In fairness this all sounds extremely strange to 21st century western man (or woman). But, if it wasn’t that way she would not be the Queen but just another Reality TV star.  I imagine she does not even have a passport. Nowadays, we are all stuck with that ubiquitous burgundy creation of the EU, but the wording on the inside cover of the British version still reads: “Her Britannic Majesty’s Secretary of State  requests and requires in the name of Her Majesty…to allow the bearer… to pass freely without let or hindrance…” What would she have had on her passport? “Don’t mess with me. I’m the Queen”?

The British don’t like their queens third-hand (or with bulbous noses)

Of course, it is not quite as extreme as I have described. Suspension of the British (or previously English) Constitution has always been an option. When King Richard III got a bit too trigger happy (at least according to Shakespeare) he ended up wandering around a battlefield offering his kingdom for a horse before being conveniently slain by his successor. And then there was that poor chap Charles I (for the benefit of non-native English speakers the “I” is pronounced as it is spelt – “The First”)  who, on a cold day in January 1649 was left without a head upon which to wear his crown and replaced for a few years by a boring republic. Indeed, if Her Majesty was feeling a bit gung-ho she need only look at the fate of her grandfather’s first cousin (not to mention his poor family) who copped it good and proper in the Russian Revolution. Meanwhile, minor misdemeanours like sharing the royal prerogative with married women (for clarity, this one refers to kings) could be dealt with by the government proposing early retirement, as was the case with the Queen’s uncle Edward VIII (pronounced Duke of Windsor, spit, spit).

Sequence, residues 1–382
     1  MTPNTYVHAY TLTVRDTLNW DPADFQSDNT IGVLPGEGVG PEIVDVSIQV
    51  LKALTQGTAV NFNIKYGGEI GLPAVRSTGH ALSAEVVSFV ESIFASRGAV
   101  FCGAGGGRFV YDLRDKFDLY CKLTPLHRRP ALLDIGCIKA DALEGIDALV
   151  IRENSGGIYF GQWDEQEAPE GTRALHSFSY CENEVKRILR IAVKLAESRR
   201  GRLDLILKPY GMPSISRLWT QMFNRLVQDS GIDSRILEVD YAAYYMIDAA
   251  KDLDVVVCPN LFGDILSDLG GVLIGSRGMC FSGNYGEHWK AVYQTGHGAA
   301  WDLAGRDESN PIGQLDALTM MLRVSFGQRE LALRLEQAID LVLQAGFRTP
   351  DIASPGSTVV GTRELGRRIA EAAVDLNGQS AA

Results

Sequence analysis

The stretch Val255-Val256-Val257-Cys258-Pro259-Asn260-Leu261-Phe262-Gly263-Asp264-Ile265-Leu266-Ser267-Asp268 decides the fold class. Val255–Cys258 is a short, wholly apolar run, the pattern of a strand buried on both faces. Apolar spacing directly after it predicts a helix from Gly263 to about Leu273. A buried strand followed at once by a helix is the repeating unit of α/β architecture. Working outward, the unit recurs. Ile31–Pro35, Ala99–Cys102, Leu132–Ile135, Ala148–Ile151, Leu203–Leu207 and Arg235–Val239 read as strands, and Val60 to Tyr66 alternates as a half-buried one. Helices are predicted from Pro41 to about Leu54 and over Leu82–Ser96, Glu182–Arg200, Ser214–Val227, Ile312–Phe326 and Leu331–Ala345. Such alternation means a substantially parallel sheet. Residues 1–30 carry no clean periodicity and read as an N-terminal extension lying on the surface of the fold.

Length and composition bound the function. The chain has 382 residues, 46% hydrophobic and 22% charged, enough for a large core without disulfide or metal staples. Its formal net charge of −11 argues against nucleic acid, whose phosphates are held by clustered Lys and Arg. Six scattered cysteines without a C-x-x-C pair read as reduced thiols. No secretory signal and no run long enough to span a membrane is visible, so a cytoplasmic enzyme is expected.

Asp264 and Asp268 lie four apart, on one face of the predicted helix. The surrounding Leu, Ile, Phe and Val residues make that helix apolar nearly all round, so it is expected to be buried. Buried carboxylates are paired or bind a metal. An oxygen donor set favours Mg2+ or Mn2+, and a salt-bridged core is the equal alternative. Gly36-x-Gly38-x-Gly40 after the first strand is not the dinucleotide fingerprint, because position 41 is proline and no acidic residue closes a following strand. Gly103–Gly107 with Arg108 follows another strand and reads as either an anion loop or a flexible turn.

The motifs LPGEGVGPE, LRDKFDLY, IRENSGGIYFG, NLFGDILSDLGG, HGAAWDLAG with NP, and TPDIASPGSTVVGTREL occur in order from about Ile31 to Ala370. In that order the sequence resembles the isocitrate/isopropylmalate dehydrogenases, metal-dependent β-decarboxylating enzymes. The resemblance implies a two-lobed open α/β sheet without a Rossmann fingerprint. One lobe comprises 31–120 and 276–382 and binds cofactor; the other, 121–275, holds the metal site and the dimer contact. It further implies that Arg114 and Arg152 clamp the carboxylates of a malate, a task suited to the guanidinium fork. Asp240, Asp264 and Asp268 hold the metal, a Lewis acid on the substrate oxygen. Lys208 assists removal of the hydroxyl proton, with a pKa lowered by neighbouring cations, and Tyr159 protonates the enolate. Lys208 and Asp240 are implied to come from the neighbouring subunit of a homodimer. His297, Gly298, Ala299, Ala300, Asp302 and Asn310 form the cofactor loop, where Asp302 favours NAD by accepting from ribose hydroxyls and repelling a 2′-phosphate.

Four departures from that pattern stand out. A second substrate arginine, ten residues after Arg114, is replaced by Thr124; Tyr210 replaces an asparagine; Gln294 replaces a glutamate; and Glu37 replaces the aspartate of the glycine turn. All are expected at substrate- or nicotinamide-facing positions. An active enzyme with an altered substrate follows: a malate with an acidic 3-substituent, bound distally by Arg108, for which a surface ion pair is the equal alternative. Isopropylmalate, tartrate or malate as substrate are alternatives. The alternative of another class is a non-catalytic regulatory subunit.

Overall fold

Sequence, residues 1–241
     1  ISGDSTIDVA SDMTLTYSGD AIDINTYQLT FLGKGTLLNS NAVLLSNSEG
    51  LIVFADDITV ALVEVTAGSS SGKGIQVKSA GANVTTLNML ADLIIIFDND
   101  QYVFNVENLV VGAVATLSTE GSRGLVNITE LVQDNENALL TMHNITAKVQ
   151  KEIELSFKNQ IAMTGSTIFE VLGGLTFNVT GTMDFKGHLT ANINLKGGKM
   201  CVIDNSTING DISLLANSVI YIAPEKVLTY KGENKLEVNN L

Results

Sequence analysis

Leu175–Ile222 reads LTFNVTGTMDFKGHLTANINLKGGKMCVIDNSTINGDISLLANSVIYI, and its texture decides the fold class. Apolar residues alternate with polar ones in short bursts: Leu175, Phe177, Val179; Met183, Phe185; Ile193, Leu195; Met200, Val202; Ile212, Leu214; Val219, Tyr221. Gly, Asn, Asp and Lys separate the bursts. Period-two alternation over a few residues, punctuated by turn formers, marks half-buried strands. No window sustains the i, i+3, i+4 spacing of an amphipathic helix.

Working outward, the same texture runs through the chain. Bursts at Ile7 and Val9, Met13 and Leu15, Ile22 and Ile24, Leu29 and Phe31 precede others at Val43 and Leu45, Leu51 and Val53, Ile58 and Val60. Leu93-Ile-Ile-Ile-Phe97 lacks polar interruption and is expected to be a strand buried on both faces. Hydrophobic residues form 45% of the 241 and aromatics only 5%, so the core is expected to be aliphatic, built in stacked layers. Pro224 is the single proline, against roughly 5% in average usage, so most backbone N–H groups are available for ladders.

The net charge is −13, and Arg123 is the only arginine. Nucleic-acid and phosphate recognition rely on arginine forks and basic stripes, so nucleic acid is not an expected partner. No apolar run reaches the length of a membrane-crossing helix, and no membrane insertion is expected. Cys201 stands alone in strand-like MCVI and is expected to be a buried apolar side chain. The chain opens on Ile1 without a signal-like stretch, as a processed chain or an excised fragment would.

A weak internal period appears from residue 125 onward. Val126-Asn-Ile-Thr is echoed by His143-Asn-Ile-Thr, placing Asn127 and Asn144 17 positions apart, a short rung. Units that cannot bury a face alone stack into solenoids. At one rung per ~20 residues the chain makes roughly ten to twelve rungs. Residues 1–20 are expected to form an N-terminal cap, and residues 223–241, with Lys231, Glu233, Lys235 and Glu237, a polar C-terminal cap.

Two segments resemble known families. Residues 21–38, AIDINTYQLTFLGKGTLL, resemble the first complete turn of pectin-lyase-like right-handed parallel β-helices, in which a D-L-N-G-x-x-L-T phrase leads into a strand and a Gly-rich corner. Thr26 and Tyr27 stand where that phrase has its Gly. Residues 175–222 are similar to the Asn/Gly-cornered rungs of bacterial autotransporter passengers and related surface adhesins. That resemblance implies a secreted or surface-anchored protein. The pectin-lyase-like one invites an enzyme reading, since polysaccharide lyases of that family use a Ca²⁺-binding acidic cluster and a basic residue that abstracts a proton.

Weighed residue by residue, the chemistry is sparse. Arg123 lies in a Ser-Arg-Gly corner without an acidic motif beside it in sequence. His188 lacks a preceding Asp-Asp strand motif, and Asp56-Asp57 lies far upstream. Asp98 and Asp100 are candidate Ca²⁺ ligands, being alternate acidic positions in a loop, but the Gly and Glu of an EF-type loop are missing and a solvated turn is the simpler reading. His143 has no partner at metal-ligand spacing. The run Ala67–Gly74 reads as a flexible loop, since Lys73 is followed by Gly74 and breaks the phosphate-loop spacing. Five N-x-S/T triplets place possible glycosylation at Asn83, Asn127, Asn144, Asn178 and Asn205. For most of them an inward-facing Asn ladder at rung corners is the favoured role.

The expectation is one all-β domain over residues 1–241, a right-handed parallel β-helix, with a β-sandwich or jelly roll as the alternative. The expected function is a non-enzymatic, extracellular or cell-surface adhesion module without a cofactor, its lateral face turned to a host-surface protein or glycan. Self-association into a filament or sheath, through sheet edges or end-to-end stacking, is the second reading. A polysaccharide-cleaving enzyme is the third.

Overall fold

However, there is one gaping hole in the consistency of the system. Since 1993, the Queen has paid income tax and capital gains tax. The Queen cannot be liable to  tax. Taxes are collected by Her Majesty’s (that’s her folks!) Revenue and Customs. And before some bright spark mentions (I really wish people WOULD add comments below) that, as sleight of hand, she pays the tax and takes it back in government funding – let’s get the record straight.